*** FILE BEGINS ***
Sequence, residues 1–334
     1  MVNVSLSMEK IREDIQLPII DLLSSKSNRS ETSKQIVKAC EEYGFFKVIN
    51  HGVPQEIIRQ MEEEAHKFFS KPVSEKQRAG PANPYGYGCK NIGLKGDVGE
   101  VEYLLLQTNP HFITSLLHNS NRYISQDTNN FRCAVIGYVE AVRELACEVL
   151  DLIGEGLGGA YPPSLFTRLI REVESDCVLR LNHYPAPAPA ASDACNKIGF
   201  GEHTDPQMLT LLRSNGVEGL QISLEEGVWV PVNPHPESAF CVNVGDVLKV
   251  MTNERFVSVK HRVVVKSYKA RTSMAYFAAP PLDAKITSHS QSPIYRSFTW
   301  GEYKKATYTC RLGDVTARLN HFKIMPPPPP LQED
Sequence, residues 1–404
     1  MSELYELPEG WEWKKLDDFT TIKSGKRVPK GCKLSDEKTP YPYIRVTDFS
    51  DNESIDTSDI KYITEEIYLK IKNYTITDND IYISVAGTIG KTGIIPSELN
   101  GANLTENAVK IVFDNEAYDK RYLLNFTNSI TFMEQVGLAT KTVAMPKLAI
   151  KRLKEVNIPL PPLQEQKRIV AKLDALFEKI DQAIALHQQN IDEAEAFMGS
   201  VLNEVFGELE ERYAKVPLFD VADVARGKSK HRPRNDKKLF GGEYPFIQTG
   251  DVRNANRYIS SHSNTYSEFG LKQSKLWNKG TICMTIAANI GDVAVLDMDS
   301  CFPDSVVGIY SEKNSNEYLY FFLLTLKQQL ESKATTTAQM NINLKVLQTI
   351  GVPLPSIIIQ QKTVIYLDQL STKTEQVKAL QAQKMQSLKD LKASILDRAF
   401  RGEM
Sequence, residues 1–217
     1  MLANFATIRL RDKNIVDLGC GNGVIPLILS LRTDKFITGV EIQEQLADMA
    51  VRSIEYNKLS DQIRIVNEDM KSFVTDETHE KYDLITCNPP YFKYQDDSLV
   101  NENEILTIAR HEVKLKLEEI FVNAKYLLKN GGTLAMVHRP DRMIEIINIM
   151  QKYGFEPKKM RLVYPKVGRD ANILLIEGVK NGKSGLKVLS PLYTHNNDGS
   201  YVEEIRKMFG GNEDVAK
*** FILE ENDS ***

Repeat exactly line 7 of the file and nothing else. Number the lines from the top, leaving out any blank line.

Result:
   251  MTNERFVSVK HRVVVKSYKA RTSMAYFAAP PLDAKITSHS QSPIYRSFTW